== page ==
Token Supply Overview

Whiteboard Session

Token Supply Overview

`m` for measurement. This is the red line and it represents the raw (positive) of the KPI.

`k` is the cumulative sum. It is purple and represents the positive monotonic (going up) cumulative sum of the KPI over time.

`f` is an intuition of a measure of value (measuring)

`g` enforces a limiting factor and is derived from the property being enforced (`g` is not fixed, dependent on what is being limited) (minting)

`allocation` is the distribution policy (harvest). This is up to the community, but if `f` and `g` are right this is fine because we already figured out how many tokens to mint (the hard part)

Note: `p` is not price, it is a mapping between signals


Token Supply Overview

Coming soon!

How much do we mint and how often?

Goal: make tokens represent the value created by the community.

The process of minting tokens is arguably the most important part of the system. Mint too much and inflation kills the market. Mint too little and people aren't incentivized to contribute. How do we figure this out?

If the goal is for tokens to be representative of the value created by the community, then the cumulative sum of all tokens minted needs to represent the cumulative amount of value created by the community.


TL;DR: Real-world process of noisy signals β‡’ processing β‡’ number go up.

The goal of AraCred is to recognize and reward contributions. What is valuable will be different for each project. As such we need a system that generally tracks engagement and activity, but also allows the community to decide what is the most important to them.

More concretely this looks like creating metrics for all of the complex things that humans do. These metrics can then be combined to create a cumulative KPI that represents "value," as it's defined by that community. This reduces the "what is value" problem into a "number go up" problem. As the thing we care about goes up, we can then mint tokens proportionately.

While it would be great if this was simple, it is not. It requires clearly stating an objective and knowing what you want to have happen. This is often the hardest part. The world, or at least your slice of it, needs to want the "value KPI" to be high otherwise the token isn't going to be valuable.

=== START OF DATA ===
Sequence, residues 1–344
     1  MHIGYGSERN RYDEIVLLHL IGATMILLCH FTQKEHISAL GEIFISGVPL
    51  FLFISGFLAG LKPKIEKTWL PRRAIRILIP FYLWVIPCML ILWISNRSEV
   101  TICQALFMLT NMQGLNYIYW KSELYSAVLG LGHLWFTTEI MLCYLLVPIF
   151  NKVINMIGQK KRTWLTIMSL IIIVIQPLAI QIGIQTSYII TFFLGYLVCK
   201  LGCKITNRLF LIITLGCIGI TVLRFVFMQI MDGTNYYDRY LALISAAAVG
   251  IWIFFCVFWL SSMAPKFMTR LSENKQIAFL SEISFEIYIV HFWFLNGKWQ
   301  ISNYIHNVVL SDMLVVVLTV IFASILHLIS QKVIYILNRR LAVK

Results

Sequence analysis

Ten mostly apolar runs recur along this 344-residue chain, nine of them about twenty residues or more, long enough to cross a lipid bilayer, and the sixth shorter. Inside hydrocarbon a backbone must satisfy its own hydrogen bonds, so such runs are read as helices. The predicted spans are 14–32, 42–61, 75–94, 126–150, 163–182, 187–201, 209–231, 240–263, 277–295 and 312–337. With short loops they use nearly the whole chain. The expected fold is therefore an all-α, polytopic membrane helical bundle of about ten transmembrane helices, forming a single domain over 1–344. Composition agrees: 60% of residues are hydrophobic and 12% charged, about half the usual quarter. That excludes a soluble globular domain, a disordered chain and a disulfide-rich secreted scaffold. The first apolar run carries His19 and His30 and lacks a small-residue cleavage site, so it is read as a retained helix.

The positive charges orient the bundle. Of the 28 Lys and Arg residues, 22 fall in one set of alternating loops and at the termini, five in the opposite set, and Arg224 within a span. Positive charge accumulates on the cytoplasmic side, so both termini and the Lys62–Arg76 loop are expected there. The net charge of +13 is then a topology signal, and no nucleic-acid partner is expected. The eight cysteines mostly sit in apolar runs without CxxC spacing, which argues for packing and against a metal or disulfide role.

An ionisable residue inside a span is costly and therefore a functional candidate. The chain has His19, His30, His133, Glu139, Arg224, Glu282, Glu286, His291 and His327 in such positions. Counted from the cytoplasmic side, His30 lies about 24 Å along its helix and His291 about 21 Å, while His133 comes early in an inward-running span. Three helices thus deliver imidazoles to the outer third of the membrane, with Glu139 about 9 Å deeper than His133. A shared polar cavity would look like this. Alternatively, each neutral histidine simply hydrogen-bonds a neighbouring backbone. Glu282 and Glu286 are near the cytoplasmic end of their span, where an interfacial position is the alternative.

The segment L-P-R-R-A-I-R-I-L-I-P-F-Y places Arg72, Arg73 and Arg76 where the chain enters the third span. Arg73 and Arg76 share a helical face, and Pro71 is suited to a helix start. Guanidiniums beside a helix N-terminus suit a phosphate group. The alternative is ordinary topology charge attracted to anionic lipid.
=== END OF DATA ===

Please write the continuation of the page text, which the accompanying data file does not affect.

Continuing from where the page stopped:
If you construct this correctly:

  • The KPI should represent what the community views as valuable.
  • The token should be directly connected to that KPI.
  • The policy should enforce the relationship of the token supply to the KPI so that when value creation goes up, the KPI goes up, and more tokens are minted.

A few words of warning:

  • If F is gamable and/or M is not valuable, then the token will not be super valuable.
  • The "spirit of F" is essential. This way you'll be able to clearly recognize an exploit vs the game itself. This way you'll know if you need to adjust the game, or if there's a bad actor that needs to be adjusted.
  • It's essential that you can change the system if/when someone figures out how to game it or if/when what the community views as valuable changes.

So... how do we actually do this? Well first, we need to start to figure out what we consider to be "valuable." What signals do we want to drive the token minting policy?

  • new users?
  • money in the DAO?
  • SourceCred activity?
  • etc...

Note: you can use a single signal for your "value KPI" or you can use a combination of signals. The important part here is that they represent the things that the community cares about. Once you determine what you think is valuable and why, then the challenge is using the best tools available to measure that value creation. We really like SourceCred for this task, however, there are many other tools you may want to use in this process.


How do we maintain a relationship between our measure of value and our continuous token supply?

The control problem (g) is where we actually mint tokens.

  1. f is a business problem (see linked video)
  2. g is a math problem
  3. allocation is a governance problem

This system isolates 1 from 3 via 2 (the minting policy). 1 and 3 can express subjective preferences, but 2 needs to be rooted in a solid cryptoeconomic policy.

We're solving a control theory problem. We want a policy that goes to 1 in the limit, but is not at 1 at any given time. This gives the system properties where it can be modeled as if the minting relates to the "value KPI," but doesn't quite... allowing it to oscillate around the "value KPI" in a way that makes it harder to game.

Minting is a statement about a limit.

  • You can get a mixture of flexibility and assertion through limiting properties.
  • Keeping the limiting factor as a limiting policy gives it the flexibility to oscillate around the real value, giving the system the ability to modulate as things change.
  • Limiting behavior gives the system more dynamic evolutionary properties that will allow it to adapt to real-world fluctuations.


How do we want to allocate tokens after we mint them? This is really up to each community. You could just give people their tokens, you could have a vesting schedule, or something else entirely.